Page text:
Revolution Digital Timeline

  • Thirty Years' War

    Thirty Years' War
    The Thirty Years’ War was a 17th-century religious conflict that was fought in central Europe. It's one of the longest brutal wars in human history. More than 8 million people were injured or killed. The war started as a battle with the Catholic and Protestant states. But as the Thirty Years’ War expanded, it became more about which group would rule Europe. In the end, the conflict changed the role of religion in society.
  • English Bill of Rights

    English Bill of Rights
    The English Bill of Rights was an act that was signed into law by William III and Mary II, who then became co-rulers in England. It outlined specific civil and constitutional rights and gave Parliament rule over the monarchy. The Bill of Rights is the primary law that set the stage in England for a constitutional monarchy. It condemned King James II for abusing his power. It’s also an inspiration for the U.S. Bill of Rights.
  • War of the Austrian Succession

    War of the Austrian Succession
    War of the Austrian Succession is a collection of associated wars. In the war, France supported the uncertain claims of Saxony, Bavaria, and Spain to parts of the Habsburg domain with the overall goal of destroying Austria. Another pair of wars were the First Silesian War and the Second Silesian War. Frederick II's victory led to the suspicion in Europe that Hadsburg colonies weren't able to defend themselves.
  • Stamp Act

    Stamp Act
    The Stamp Act was the first internal tax gathered directly on American colonists. It was a tax on every piece of printed paper. Ship's papers, licenses, newspapers, legal documents, other publications, and playing cards were taxed. The money gathered by the Stamp Act was used to help pay the costs of saving the American frontier. If the tax wasn't questioned, it would allow more unnecessary taxes in the future to be passed on the Americans.
  • American Revolution

    American Revolution
    The American Revolution started from growing tensions between residents of Great Britain’s colonies and the government. France entered the American Revolution on the side of the colonists turning what had essentially been a civil war into an international conflict. After French assistance helped the Continental Army force the British surrender in 1781, the Americans won their freedom making this one important event.
  • Treaty of Paris

    Treaty of Paris
    The Treaty of Paris ended the American Revolutionary War. In the Treaty of Paris, the British Crown formally recognized American independence and give up most of its territory east of the Mississippi River to the USA. That doubled the size of the new nation and gave opportunity for westward expansion. It was signed by Ben Franklin, John Adams, and John Jay. It was seen as a way to have trade with a new nation without high costs.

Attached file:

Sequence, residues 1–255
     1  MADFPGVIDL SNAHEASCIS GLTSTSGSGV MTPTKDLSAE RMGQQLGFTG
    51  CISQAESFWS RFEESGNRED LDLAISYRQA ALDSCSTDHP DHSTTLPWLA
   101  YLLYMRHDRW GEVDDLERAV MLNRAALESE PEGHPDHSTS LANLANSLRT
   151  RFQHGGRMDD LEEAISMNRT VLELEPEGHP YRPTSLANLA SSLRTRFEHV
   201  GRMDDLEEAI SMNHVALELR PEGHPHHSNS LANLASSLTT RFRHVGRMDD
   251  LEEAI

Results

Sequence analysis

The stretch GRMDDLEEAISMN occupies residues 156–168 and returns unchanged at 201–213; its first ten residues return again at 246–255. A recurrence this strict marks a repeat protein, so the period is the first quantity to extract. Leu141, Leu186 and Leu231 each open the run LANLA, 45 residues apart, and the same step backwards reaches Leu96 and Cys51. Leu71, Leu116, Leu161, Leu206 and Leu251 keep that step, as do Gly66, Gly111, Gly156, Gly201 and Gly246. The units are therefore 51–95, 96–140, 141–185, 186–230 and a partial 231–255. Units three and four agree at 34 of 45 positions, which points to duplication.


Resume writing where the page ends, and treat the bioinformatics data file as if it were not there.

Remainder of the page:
• French Revolution

    French Revolution
    The French Revolution was a historic moment in modern European history. During this time in life, French citizens destroyed and redesigned their country’s political landscape. The disruption was caused by widespread discontent with the French monarchy and the poor economic policies. Although it failed to achieve all of its goals, the French Revolution played a role in shaping modern nations by showing the world the power inherent in people.
  • Tennis Court Oath

    Tennis Court Oath
    Deputies of the 3rd Estate(nonprivileged classes of the French nation), realized that if they attempted to change they would be out voted by the two privileged orders. When they found out they were locked out of their usual meeting hall at Versailles, they moved to a nearby indoor tennis court. There they swore never to separate until a written law had been settled in France. King Louis XVI ordered the clergy and nobility to join The Estate.
  • Storming of the Bastille

    Storming of the Bastille
    The Bastille is a state prison on the east side of Paris. It was attacked by a wild and violent group of people to demand the large ammunition stored there. This prison had become a symbol of the monarchy’s dictatorial rule. The event became one of the moments that marked the beginning of the French Revolution. In France it is still celebrated today as a national holiday.
  • Reign of Terror

    Reign of Terror
    Reign of Terror is a period of the French Revolution. The Revolutionary government decided to make Reign of Terror the order of the day and take harsh measures against those suspected of being enemies. In Paris, people were executed! The Terror had an economic side contained in the Maximum, a price-control measure required by the lower classes of Paris. During the time, a suspect's right to public trial and legal assistance was suspended.